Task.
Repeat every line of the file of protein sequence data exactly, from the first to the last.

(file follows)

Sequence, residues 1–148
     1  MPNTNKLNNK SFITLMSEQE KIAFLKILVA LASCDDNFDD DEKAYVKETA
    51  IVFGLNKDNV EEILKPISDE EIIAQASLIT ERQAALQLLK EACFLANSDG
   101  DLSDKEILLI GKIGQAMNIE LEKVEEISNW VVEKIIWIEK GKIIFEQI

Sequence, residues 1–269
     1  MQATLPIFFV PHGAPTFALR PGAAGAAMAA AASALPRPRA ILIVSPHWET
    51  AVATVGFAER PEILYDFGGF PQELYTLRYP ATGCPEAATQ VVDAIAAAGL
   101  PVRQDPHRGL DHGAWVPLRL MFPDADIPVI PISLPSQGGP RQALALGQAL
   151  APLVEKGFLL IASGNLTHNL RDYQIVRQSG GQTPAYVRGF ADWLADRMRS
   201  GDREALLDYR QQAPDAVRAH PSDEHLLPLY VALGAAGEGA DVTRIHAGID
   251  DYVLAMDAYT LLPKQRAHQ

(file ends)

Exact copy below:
Sequence, residues 1–148
     1  MPNTNKLNNK SFITLMSEQE KIAFLKILVA LASCDDNFDD DEKAYVKETA
    51  IVFGLNKDNV EEILKPISDE EIIAQASLIT ERQAALQLLK EACFLANSDG
   101  DLSDKEILLI GKIGQAMNIE LEKVEEISNW VVEKIIWIEK GKIIFEQI

Sequence, residues 1–269
     1  MQATLPIFFV PHGAPTFALR PGAAGAAMAA AASALPRPRA ILIVSPHWET
    51  AVATVGFAER PEILYDFGGF PQELYTLRYP ATGCPEAATQ VVDAIAAAGL
   101  PVRQDPHRGL DHGAWVPLRL MFPDADIPVI PISLPSQGGP RQALALGQAL
   151  APLVEKGFLL IASGNLTHNL RDYQIVRQSG GQTPAYVRGF ADWLADRMRS
   201  GDREALLDYR QQAPDAVRAH PSDEHLLPLY VALGAAGEGA DVTRIHAGID
   251  DYVLAMDAYT LLPKQRAHQ